Armenia said on Saturday it would use “all necessary means” to protect ethnic Armenians from attack by Azerbaijan, as the opposing sides pounded each other for a seventh day and the latest international peace call fell on deaf ears.
Azerbaijan said Armenia bore full responsibility for the new outbreak of the decades-old conflict, which threatens to drag in regional powers such as Russia and Turkey.
The death toll rose to at least 230 in the fighting over Nagorno-Karabakh, an ethnic Armenian enclave inside Azerbaijan that broke away from its control in the 1990s.
A day after French President Emmanuel Macron phoned Armenian Prime Minister Nikol Pashinyan and Azeri President Ilham Aliyev with a new proposal for mediation, the rhetoric on both sides appeared if anything to be hardening.
“The president of Azerbaijan placed the entire responsibility on the leadership of Armenia for the break-off of negotiations and the armed confrontation,” Aliyev's press service said in its summary of the call.
Armenia's armed forces have so far held back from entering the war alongside those of Nagorno-Karabakh. But Pashinyan, in a televised address, portrayed the conflict as a national struggle and compared it to the country's war with Ottoman Turkey in the early 20th century.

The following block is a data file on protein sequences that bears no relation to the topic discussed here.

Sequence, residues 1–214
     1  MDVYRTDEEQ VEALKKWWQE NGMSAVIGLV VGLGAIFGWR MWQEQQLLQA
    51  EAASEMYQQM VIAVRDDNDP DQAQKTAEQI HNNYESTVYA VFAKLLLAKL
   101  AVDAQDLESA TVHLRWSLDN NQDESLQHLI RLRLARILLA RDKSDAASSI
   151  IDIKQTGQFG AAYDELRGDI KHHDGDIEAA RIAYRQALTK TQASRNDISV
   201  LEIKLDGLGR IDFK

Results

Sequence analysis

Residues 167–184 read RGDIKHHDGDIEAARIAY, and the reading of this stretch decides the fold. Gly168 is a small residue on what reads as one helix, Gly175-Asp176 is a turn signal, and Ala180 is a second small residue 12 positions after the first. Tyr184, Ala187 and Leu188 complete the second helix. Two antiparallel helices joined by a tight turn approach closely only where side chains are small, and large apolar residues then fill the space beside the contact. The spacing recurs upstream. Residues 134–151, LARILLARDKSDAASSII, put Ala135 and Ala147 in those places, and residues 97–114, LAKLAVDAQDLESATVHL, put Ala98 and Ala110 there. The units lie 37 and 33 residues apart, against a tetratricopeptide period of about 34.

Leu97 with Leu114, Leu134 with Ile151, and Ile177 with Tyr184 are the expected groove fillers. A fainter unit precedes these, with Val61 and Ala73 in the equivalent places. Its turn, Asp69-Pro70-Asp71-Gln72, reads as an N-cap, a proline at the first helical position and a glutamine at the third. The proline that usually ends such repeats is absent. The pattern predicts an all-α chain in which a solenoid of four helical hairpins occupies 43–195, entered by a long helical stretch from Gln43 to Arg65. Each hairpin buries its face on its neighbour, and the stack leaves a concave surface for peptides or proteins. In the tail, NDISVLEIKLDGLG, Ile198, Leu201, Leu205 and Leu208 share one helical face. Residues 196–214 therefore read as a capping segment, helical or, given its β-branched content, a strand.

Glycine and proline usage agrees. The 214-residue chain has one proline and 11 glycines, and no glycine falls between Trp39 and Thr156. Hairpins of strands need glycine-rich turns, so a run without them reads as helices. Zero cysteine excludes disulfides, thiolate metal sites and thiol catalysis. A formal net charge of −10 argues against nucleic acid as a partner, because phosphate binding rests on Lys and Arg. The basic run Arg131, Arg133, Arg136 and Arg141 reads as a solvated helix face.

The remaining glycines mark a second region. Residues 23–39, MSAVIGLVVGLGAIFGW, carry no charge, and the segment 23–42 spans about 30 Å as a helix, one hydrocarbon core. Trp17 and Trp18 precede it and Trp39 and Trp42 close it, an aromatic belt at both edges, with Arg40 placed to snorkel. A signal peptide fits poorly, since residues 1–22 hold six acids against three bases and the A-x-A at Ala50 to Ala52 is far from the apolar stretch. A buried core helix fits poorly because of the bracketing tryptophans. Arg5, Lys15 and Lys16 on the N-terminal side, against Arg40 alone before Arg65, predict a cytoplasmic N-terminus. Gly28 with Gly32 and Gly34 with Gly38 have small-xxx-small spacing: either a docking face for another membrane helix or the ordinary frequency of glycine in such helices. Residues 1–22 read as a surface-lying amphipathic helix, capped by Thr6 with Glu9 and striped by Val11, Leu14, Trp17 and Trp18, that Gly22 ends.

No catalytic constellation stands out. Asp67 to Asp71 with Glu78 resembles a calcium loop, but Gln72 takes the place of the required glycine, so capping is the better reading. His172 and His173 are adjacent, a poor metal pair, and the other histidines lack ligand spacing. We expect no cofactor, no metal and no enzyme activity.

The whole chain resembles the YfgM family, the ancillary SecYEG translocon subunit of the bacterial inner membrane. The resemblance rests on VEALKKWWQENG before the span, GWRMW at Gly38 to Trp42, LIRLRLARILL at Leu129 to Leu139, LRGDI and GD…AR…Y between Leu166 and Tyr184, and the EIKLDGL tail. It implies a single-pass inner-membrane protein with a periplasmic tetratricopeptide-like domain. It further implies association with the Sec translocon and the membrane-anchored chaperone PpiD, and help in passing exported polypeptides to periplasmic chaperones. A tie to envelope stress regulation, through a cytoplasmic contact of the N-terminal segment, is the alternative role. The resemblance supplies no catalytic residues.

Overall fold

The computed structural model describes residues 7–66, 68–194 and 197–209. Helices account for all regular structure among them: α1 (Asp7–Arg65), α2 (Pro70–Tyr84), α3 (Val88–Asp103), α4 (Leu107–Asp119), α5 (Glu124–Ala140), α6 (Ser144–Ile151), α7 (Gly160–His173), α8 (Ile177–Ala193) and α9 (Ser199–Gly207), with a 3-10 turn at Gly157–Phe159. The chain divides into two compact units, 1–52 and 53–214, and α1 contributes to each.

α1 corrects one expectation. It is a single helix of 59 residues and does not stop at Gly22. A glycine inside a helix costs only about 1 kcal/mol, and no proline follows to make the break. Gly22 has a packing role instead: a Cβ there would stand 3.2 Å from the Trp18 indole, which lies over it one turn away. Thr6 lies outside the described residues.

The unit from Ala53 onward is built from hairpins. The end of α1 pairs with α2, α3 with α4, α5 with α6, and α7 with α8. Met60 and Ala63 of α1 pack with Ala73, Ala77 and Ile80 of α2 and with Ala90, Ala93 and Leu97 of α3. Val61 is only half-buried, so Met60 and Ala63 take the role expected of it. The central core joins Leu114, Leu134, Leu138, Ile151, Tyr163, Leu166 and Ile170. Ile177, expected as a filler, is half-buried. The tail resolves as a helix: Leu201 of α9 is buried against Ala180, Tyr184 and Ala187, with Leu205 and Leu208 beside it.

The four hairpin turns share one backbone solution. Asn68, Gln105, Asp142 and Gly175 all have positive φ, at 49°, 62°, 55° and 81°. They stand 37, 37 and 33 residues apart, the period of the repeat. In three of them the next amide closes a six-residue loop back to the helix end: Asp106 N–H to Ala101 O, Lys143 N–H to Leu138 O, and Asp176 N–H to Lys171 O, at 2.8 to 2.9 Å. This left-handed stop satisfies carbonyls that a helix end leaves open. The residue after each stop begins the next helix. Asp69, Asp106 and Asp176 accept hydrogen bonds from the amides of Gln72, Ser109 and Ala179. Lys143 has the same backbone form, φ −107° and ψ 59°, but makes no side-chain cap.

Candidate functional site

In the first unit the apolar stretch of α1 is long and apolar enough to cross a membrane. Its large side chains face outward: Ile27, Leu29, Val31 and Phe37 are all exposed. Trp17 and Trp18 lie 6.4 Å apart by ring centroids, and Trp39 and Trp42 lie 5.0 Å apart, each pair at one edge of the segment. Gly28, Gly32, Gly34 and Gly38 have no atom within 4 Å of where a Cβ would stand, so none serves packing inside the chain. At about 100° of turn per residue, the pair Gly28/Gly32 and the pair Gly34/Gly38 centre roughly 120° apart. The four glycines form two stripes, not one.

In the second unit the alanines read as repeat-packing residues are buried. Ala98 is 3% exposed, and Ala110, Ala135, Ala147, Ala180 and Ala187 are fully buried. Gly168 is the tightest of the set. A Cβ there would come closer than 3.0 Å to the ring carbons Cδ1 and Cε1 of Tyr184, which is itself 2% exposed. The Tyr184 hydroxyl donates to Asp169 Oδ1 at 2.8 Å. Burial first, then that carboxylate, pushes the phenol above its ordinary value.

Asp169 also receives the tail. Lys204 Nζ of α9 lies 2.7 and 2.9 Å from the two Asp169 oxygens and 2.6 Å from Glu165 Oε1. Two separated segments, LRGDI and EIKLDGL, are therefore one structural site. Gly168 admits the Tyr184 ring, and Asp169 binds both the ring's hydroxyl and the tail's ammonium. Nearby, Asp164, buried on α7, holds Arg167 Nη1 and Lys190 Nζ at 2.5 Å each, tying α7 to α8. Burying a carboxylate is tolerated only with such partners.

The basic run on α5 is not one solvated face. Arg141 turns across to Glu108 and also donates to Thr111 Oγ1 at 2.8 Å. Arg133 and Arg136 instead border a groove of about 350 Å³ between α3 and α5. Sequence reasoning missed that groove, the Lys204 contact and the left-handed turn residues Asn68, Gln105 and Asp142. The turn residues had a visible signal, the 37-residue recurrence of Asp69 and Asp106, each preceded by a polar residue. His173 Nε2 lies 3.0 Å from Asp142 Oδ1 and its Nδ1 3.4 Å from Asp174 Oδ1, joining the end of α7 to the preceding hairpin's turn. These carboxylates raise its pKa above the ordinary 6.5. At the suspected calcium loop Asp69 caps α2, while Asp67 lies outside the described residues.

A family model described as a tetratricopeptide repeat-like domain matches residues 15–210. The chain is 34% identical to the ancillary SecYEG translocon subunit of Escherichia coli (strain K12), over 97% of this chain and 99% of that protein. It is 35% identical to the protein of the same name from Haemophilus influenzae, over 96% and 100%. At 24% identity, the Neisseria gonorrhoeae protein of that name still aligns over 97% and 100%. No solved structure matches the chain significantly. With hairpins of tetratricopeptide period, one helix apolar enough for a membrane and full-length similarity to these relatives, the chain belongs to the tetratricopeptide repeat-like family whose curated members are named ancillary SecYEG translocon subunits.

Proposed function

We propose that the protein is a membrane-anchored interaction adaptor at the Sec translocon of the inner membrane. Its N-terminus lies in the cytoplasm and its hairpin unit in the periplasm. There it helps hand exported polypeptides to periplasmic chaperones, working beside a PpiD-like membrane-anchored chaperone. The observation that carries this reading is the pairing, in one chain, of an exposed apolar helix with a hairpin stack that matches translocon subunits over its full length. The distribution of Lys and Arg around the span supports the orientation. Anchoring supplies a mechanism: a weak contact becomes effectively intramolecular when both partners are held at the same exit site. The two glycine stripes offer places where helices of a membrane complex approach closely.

“This is a new Sardarapat, and each of us should be ready to dedicate himself to one aim, the name of which is victory,” he said.
The Armenian foreign ministry said Armenia, as the guarantor of Nagorno-Karabakh's security, would take “all the necessary means and steps” to prevent what it called “mass atrocities” by the forces of Azerbaijan and its ally Turkey.
Both those countries have repeatedly denied the involvement of Turkish forces, as well as assertions by Armenia, Russia and France that Syrian rebels are fighting on the Azeri side.
Azerbaijan hit back, saying ethnic Armenians from Syria, Lebanon, Russia, Georgia, Greece and the United Arab Emirates had been deployed or were on their way to operate as “foreign terrorist fighters” on the ethnic Armenian side.
Armenia says it was Azerbaijan that reopened the conflict by launching a major offensive on September 27, while Baku says it was forced to respond to provocations by the other side.
While Russia, the United States and France have called for an end to hostilities, Turkey has staunchly supported the Azeris and has repeated that what it calls Armenian “occupiers” must withdraw, rejecting “superficial” demands for a ceasefire.
The clashes are the worst since the 1990s, when some 30,000 people were killed. They have raised international concern about stability in the South Caucasus, where pipelines carry Azeri oil and gas to world markets.